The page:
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Films at Rendezvous with Madness touch a nerve and get to the heart


By Elizabeth Scott, Toronto freelance writer and editor

This year’s Rendezvous with Madness film festival is making its mark in Toronto once again. For 23 years, this outstanding Canadian event has communicated with heart the idea of madness and addictions through the art of film.

Last year my son, Byron, and I were honoured to take part in one of the discussion panels, after the motion picture Gabriel screened. The film looked at the experience of a young man, played by Rory Culkin, as he and his family were coming to grips with the impact of his mental illness on their relationships, with each other, extended family and friends.

Our family was in the audience that night, brother Ben, stepdad David, and Byron’s fiancé Eireann. With this year’s RWM in full swing, we were reminded of public perceptions and the barriers to understanding that exist. So we decided to sit down together and talk about how artistic events, like RWM, are working to increase general insight into the impact mental illness has, on families and in the culture.

Here are a few snippets from our conversation:

The start of the illness

Byron: Well, it was one of those weird things, when I was  going through it. I was 16  and you don’t know who you are at that age anyway. So it’s kind of tricky to figure out whether your thoughts are the mental illness, or whether it’s just you figuring out who you are as a person. It started to get pretty bad when I was around 17, and I just found that the paranoia was to the point where I didn’t even want to go to school. Friendships were triggering me to feel unsafe, I guess.

Ben (older brother): Were we triggering you to feel unsafe too?

Byron: Yeah, I think so. But I don’t think it was anything that you guys were doing. I think it was just kind of the way my mind was.

Did Gabriel get it right?

Elizabeth: So, based on your experience, do you think the film Gabriel depicted things well?

Byron: Yeah, there were parts of it that I identified with, and could see that they had done a pretty good job of representing it. Like when he was in the diner, and certain sounds and gestures of people around him grew more intense. Like, he would just hear the fan overhead. I thought that was kind of well done …

The knife scene?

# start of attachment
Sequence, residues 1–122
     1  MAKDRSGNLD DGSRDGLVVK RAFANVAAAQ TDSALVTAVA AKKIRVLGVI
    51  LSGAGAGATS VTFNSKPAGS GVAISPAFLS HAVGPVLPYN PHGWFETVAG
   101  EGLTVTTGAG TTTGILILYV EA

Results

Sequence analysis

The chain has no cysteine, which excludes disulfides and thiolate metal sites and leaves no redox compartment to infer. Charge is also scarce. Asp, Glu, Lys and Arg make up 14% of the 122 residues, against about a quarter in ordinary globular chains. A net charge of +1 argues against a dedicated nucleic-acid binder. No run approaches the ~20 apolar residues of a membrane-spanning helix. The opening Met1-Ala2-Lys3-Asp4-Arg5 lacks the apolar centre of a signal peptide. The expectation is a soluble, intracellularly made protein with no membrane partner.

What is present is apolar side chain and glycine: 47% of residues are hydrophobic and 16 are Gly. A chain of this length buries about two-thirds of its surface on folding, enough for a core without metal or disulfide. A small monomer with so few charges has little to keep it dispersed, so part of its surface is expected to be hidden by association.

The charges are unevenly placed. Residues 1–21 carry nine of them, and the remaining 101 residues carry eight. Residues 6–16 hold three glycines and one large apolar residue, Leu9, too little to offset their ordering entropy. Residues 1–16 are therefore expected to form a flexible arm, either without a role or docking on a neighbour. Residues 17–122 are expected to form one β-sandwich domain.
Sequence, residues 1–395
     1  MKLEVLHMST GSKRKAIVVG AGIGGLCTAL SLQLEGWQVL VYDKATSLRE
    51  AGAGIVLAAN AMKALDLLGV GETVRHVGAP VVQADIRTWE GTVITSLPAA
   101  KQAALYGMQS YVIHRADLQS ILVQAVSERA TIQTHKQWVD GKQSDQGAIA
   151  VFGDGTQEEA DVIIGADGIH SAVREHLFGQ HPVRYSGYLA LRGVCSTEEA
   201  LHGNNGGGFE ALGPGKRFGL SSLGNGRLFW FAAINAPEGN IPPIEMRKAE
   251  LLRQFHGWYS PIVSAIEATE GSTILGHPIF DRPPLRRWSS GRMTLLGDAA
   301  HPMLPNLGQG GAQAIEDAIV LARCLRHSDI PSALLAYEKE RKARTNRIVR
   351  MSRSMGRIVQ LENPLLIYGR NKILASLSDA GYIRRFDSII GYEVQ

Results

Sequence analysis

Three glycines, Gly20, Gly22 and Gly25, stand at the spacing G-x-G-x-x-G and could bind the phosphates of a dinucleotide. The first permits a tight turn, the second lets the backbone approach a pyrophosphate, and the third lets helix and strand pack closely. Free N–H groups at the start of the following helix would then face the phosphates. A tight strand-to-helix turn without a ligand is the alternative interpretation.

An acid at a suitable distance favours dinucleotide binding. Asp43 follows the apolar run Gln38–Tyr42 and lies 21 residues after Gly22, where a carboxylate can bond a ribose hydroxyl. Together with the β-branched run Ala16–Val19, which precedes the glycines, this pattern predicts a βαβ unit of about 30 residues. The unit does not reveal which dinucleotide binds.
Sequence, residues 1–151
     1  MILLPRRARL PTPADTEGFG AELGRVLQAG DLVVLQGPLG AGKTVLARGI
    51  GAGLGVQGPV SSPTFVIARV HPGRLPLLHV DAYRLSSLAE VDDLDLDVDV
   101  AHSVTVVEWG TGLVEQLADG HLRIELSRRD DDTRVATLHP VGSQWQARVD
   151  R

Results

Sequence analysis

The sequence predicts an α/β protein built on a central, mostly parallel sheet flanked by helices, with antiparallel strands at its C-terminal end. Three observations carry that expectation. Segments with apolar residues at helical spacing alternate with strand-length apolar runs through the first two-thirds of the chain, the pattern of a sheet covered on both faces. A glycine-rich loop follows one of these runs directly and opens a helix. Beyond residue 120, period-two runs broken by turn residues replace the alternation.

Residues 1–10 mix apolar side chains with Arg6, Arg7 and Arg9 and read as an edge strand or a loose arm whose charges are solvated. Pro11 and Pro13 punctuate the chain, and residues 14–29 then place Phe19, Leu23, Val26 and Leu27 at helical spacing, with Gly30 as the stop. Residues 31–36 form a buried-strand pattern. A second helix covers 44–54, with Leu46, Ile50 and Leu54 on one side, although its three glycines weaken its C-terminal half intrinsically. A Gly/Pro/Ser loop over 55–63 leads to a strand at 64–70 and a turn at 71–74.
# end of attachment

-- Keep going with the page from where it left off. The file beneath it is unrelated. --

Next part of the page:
Elizabeth: What did you think of the scene where he had the knife, and was pretending like he was going to hurt himself, sort of fell to the ground?

Byron: As somebody who is not ‘out’ to 95% of the world – there’s only a few people who know that I had a serious mental illness and was in hospital for six months and had a diagnosis of schizophrenia – scenes like that seem to represent the common perception: ‘the guy with the knife.’

Elizabeth: Yeah.

Byron: And it’s so different. I’m well now, so most people who know me don’t know about my mental illness. And I like that. Because of the way people think about it.

Elizabeth: The perception people have of people with schizophrenia is ‘the guy with the knife.’

Ben: I think why they made that scene was to make it a more dramatic movie.

Because I think the story, there wasn’t a lot of action and it’s not as entertaining. It’s more exciting to see something climactic happen.

Subtle perception issues

David (stepdad): Well, the thing that struck me most about the film, or at least my experience with Byron – it’s a lot subtler in real life than it was in the film – but it would be the problems with perception. Where you [Byron] perceive things in a different way. Like you perceive criticism faster. But then you come back to talk about the situation later. This was worse when I first met you eight years ago.

Byron: Yeah

David: But you would get angrier a lot faster with your mom. And it would take 7 or 8 hours, then you would come back and have a long discussion with her and you would be fine. Now, you don’t get angry. But it’s those subtle perception issues that I noticed came across well in the film. Gabriel perceived something that wasn’t really there, a romance with a female friend. In real life, you never had a lot of those big delusional perceptions, just more misperceptions around a person’s ‘tone.’